A drivers' licence is key to that freedom; no more relying on parents for a lift somewhere. But Victoria's various lockdowns have put paid to learners being allowed to practice their skills on the road or book a driving test.

Even just being able to drive somewhere for no reason, a staple of youth culture since the invention of the car, is off the table.

"I was going to get my licence the day I turned 18," says Glover, a Melbourne Girls College student.

"I planned out all my hours when I needed to drive, but I’m not able to."

Katherine Ellis, CEO of Youth Affairs Council Victoria, says young people have made enormous sacrifices in their lives to keep the community safe from COVID-19.

"Many of these sacrifices are a vital part of their transition to adulthood, from missing once-in-a-lifetime rites of passage like graduations, school trips and schoolies, to being stuck in isolation with family at a time when normally they would be expanding their friendship networks, exploring their identities and asserting their independence," she says.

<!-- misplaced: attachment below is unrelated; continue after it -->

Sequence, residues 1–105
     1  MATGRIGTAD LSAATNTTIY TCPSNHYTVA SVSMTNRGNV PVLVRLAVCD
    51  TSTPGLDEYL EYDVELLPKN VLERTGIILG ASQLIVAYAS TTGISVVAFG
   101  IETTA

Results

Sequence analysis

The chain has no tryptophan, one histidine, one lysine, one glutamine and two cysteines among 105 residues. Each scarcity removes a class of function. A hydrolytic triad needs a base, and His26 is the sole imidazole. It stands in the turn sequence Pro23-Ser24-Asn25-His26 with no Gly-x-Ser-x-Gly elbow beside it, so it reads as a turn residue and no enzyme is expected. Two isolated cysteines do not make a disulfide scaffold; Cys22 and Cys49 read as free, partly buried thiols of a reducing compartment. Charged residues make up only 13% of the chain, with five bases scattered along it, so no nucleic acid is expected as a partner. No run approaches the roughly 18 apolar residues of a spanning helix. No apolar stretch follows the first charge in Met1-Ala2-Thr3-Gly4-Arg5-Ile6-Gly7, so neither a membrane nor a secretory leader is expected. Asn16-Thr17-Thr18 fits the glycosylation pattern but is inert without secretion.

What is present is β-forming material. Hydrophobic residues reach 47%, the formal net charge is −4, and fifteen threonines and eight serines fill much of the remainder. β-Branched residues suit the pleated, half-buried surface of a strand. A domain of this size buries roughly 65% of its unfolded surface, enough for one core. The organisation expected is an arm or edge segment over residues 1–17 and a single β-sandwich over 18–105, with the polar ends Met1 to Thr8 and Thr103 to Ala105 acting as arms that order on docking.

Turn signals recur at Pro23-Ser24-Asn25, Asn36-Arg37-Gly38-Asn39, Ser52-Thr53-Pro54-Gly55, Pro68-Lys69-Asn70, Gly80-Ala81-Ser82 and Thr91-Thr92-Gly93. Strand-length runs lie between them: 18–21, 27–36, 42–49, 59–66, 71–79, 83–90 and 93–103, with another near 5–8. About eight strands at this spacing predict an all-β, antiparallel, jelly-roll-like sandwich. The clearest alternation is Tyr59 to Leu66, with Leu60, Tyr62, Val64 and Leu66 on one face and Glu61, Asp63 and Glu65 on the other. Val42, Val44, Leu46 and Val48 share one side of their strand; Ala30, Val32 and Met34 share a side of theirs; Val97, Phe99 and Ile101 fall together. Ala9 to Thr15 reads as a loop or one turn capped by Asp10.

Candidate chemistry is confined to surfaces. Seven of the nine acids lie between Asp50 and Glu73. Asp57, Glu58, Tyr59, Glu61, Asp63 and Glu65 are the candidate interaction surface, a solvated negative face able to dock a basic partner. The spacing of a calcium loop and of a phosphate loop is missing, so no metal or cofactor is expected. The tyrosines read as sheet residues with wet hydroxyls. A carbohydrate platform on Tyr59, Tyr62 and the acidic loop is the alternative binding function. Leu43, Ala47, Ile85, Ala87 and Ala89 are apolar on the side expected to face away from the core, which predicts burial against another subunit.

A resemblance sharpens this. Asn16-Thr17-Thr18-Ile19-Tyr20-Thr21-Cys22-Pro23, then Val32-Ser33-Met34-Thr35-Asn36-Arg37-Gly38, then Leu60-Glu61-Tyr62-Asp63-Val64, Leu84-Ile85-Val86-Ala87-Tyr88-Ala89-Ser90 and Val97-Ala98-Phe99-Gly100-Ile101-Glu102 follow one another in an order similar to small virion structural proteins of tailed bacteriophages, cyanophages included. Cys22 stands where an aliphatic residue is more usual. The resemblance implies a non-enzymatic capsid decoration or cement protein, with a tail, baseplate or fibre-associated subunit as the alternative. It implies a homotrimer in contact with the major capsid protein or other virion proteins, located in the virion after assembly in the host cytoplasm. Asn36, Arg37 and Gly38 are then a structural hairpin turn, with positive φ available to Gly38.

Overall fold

"These are crucial aspects of growing up that other generations have all experienced."

But despite this year looking different to what they ever imagined, many 17 and 18-year-olds feel that what they have dealt with may help them in the future.

Williams says she tries to stay positive. "I look at it as being unique, I'll have great stories to tell," she says.

Baryalai has a similar view: "I'll remember that it was a hard time, but I feel it will help us out for university and things like that."

After missing out on his 18th party in July, Moe is getting excited for his 19th. "I like to think of my friendship groups as tight-knit," he says.

Selzer doesn't see it as a missed year. "I've realised the resilience of myself and of others," she says.

"You're just forced to deal with so much change, we've had to step up or be lost in the change."